Brand recognition is important. People will trust a familiar brand. Many of the parts or products to print online are from makers. Companies will have to start branding 3D printing files. This will also mean companies will need to conduct research to see if 3D printing a product could hurt a brand. This could be risky, and currently doesn’t offer much benefit to the company.

Porsche is one company that’s starting to adopt 3D printing. To help its aftermarket, the automaker is focusing on its classic and rare parts that are difficult to get a hold of. Porsche identified 52,000 parts that could breathe life into some of its classic models if there was a way to reproduce parts in a cost-effective, low-volume manufacturing process. 

In addition, companies have part numbers and follow standards. This is important when ordering something, especially if it interacts with something else. Apple even has a certification on its cables. The same data that comes with a normal part will need the same trust that it will work, fit, and operate just like—if not better than—the original shipped part.

Return Policy and Verification

Failed prints seem inevitable. Companies may need to consider a failed print refund. A refund for failed prints will require feedback from the printer to automatically detect a failed part. This could be hackable, but some printers already come with cameras—it’s harder to hack a video. However, this means the consumer must give access to the camera in their printer. Privacy is becoming more of a concern today. Accessing a camera will not be a problem. Like asking for camera access on a smartphone when downloading an app, many people shouldn’t care.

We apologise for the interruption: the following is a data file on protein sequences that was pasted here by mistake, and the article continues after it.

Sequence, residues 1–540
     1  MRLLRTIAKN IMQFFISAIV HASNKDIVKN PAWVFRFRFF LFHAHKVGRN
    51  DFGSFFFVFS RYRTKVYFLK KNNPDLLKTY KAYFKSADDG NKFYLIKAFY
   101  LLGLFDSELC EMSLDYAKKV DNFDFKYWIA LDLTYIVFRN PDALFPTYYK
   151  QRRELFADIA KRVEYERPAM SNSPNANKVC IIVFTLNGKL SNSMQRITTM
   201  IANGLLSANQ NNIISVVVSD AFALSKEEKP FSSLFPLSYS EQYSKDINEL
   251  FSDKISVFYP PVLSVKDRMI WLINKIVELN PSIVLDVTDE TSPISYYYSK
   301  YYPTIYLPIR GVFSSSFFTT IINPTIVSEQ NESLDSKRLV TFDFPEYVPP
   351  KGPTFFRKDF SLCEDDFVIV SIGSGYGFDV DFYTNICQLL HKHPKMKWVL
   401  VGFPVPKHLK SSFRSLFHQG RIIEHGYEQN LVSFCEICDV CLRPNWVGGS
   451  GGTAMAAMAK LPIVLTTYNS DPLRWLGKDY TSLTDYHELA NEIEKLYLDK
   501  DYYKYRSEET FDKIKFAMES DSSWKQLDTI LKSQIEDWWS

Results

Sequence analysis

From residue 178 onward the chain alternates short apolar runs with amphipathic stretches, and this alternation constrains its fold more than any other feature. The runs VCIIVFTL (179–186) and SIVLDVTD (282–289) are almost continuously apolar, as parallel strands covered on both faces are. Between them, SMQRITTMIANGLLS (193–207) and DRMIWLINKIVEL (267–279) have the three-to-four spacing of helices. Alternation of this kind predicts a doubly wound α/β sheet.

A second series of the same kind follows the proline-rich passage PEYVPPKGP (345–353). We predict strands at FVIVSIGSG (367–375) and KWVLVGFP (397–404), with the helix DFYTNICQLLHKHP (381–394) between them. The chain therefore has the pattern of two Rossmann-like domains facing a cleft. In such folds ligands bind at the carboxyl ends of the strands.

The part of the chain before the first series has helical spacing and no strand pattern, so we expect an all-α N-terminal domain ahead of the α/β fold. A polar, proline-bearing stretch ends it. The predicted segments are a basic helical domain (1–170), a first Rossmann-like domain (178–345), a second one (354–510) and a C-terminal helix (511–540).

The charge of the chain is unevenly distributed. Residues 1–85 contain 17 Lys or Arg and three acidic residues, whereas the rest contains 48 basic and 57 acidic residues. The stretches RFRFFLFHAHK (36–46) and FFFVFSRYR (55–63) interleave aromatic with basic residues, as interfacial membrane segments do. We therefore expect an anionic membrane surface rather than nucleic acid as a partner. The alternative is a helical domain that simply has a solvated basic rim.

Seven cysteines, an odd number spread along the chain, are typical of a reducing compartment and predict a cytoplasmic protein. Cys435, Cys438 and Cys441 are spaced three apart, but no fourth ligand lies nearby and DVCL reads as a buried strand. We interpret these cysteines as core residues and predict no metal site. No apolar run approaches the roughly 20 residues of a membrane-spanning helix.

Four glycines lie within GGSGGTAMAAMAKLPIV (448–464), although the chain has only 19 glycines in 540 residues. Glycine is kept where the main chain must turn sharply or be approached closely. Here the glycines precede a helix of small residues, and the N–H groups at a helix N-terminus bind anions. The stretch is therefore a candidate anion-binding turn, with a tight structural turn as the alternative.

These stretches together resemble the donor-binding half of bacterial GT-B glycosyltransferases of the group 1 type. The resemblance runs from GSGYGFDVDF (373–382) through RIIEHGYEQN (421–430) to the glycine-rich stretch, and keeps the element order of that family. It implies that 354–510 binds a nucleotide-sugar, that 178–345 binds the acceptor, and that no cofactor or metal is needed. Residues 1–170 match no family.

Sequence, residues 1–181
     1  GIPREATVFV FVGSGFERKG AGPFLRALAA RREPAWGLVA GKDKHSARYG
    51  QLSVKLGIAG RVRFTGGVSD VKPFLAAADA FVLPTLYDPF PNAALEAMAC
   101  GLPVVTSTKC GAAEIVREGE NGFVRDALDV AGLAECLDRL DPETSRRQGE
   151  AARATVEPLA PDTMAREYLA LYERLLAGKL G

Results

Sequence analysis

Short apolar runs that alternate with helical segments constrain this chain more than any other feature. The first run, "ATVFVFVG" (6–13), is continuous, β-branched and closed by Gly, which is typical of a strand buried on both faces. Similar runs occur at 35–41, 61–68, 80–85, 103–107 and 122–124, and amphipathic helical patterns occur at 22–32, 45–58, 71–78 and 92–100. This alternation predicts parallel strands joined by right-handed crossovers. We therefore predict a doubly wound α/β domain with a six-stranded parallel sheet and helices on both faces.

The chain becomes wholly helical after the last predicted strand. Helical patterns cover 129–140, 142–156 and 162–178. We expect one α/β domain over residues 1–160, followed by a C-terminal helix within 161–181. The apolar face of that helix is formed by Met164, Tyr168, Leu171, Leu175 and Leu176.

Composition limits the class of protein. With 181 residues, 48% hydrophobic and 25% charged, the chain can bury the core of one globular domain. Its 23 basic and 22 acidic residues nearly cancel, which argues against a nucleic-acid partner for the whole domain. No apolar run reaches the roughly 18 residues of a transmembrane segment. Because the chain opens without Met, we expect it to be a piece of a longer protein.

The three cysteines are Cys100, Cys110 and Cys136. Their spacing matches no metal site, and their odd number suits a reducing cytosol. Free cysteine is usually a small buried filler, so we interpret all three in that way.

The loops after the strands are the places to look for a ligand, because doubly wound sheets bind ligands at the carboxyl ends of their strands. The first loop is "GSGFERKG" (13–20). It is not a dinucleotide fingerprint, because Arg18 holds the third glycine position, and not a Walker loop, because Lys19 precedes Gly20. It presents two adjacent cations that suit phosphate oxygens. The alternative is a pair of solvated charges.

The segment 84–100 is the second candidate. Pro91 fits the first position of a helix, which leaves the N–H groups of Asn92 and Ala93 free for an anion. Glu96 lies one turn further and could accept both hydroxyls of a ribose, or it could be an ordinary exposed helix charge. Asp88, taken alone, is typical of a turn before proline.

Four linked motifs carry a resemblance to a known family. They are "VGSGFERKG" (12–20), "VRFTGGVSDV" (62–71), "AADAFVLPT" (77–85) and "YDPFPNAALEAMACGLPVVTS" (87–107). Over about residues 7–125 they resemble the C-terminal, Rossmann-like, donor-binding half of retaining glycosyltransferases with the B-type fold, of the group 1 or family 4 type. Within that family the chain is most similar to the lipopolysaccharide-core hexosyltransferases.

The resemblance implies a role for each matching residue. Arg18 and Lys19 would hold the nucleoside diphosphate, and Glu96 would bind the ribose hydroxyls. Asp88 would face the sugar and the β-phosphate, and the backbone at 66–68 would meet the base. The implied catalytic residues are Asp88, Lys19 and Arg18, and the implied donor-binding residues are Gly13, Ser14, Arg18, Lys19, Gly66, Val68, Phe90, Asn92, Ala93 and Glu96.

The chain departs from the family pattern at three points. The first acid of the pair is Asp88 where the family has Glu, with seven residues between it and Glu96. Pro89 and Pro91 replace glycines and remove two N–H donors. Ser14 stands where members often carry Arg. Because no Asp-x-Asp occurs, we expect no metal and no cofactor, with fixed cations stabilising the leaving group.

In addition, many parts will not be able to be printed depending on the printer a consumer is using. Open communication is important. Users will need to know what products are able to be printed without having to do any additional work. This verification could be done by the printer itself. It is possible for printers to go online and communicate directly with online stores. This would allow an icon to be seen on products that could be printed, and the shipped versus printed price.

Multiple Materials and Finishing

If all these challenges haven’t made it hard enough, products are often made from multiple materials. Currently, there are printers with this capability, but they are much more expensive compared to a next-day delivery right to your door. These printers are also often patented heavily, so it may be a while until we see competition bring the price down.

The new Markforge carbon fiber printer can produce load-bearing parts that require high strength. In some examples, it is possible to print parts faster and cheaper than machining metal.

Apart from this, 3D-printed parts often need to be finished. While this might only be for aesthetics, looks are as important as branding. A consumer is now given a task to do—a skill to learn—and that is dangerous for a product.

Stereolithography or multi-jet processes might help present a more finished or showroom look finish since they have higher resolution compared to common low-cost printer that use plastic extrusion to build parts. Multi-jetting technology can change material properties. So multi-jet helps aesthetics and some of the problems with multiple materials. Despite this, any finishing worked needed to be performed by a consumer is the nail in the coffin for common mass adoption of printing at home. Unless a company can brand the look and feel of 3D-printed parts to be the cool new thing, we won’t be seeing an Amazon print-at-home option any day soon.